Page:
In Philadelphia at the time, the Saturday after Thanksgiving was the day of an enormous Army-Navy football game that was held in the city. The day before, thousands of suburban individuals would travel into Philadelphia in order to see the game, and do some shopping in the meantime.

Chaos Overtaking the Narrative

The chaos that would overtake the city during the three day period after Thanksgiving was intense. Not only were police not allowed to take the holiday weekend off to spend time with their families, but they had to work extra long hours in order to help manage the massive crowds and increased violence that took the city.

Source: Wikimedia/Abhiram Juvvadi

The chaos was so widespread that shoppers would even take advantage of the confusion to make off with merchandise. The news about the “event” was so widespread that by 1960, companies were trying to rebrand the day as “Big Friday” instead, to give the day a positive spin.

A Rebrand for the Modern Age

The marketing plot didn’t work, and even by 1985 the term “Big Friday” still wasn’t in wide use across the country. Instead, they changed their focus on the narrative and began to spread the “red to black” story that was mentioned earlier, no matter if it was accurate or not. This rebrand stuck, and Black Friday started to spread.

Source: Wikimedia/Gridprop

Companies even went so far as to push the narrative that Black Friday was the biggest shopping day of the year, in order to further remove the concept from its less-than-favorable origins. In truth, the Saturday before Christmas is the day that most retail stores see their biggest sales, but the public gobbled up the adjusted narrative and it stuck.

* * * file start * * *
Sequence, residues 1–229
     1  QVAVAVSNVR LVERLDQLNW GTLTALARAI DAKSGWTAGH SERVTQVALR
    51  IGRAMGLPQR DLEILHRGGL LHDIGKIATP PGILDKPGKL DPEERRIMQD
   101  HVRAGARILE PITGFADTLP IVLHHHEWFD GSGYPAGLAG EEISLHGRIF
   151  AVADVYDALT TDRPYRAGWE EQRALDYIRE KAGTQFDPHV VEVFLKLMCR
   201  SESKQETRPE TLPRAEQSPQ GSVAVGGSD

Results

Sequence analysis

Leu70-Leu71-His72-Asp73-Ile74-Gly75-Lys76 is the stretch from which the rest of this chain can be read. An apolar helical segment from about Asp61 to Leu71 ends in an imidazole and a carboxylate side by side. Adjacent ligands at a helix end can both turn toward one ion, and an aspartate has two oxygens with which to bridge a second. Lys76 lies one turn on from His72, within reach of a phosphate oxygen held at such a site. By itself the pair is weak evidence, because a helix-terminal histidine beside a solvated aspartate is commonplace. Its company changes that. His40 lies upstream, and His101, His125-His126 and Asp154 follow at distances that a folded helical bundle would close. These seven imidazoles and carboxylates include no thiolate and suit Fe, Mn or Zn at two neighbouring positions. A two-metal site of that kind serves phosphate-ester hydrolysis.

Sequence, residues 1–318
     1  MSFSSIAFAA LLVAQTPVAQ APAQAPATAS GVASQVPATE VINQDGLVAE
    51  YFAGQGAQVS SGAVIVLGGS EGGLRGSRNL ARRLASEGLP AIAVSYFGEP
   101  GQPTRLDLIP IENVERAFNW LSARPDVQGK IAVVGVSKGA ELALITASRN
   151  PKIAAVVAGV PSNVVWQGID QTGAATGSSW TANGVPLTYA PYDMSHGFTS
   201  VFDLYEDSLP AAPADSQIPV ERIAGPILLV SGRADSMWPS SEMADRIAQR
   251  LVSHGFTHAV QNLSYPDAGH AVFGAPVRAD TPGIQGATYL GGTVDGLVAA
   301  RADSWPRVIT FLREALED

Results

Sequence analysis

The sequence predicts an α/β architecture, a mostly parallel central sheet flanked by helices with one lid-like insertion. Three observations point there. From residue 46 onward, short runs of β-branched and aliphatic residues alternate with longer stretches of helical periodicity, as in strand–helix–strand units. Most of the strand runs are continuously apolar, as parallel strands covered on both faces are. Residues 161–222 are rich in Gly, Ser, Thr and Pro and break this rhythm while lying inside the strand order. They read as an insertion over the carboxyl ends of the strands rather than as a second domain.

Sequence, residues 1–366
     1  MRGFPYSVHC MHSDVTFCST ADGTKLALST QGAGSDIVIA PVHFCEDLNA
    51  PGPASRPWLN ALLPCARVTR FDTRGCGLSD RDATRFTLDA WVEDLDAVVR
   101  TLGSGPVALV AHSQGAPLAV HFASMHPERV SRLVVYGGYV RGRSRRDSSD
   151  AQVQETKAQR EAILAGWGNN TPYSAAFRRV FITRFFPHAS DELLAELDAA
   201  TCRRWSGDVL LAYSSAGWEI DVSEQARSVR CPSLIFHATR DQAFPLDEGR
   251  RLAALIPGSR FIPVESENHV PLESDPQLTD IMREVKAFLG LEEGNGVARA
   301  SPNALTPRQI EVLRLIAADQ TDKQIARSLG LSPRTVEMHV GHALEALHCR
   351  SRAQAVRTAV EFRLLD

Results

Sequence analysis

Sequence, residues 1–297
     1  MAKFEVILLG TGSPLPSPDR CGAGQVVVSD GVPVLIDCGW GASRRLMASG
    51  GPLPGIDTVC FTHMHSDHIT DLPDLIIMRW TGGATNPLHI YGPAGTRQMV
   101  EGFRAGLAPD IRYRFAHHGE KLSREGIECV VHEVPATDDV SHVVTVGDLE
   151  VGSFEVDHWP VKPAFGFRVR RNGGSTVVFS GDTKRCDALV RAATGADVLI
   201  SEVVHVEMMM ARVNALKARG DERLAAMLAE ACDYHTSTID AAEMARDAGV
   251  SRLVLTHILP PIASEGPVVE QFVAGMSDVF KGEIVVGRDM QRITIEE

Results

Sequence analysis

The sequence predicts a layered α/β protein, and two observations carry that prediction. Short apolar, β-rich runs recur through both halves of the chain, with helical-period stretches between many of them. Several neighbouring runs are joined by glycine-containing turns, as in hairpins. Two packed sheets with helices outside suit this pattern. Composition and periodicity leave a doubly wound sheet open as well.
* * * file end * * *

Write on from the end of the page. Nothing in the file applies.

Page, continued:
Black Friday Today

Today, many people know Black Friday as a day of either fun shopping or a horrific day of work in retail. Videos of people getting violent over sales prices have perpetrated since the formation of Youtube in the mid-2000’s, and the sales have slowly extended through the weekend and before Black Friday itself.

Source: Wikimedia/Kgbo

Other mini holidays, such as Small Business Saturday and Cyber Monday have helped to push the popularity of Black Friday and the retail weekend following Thanksgiving. While there are growing calls for retail corporations to respect the holiday and keep sales only to Friday itself, it doesn’t look like corporate greed is going to yield to public opinion anytime soon.

Safety Above All Else On Black Friday

The narrative around Black Friday will always be one of mass consumerism, whether you ascribe to the false “red to black” story or understand the two true origin stories. Regardless of the possible negatives, it can also be a day to create memories with family, and to save some money ahead of Christmas.

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Modern technology allows for consumers to get their best deals on their phones, and have the items delivered to their home. Nobody has to go out and shop anymore if they don’t want to, let alone risk any violence or danger, and the massive crowds that originally sparked the term “Black Friday” in Philadelphia may soon be a distant memory of the past.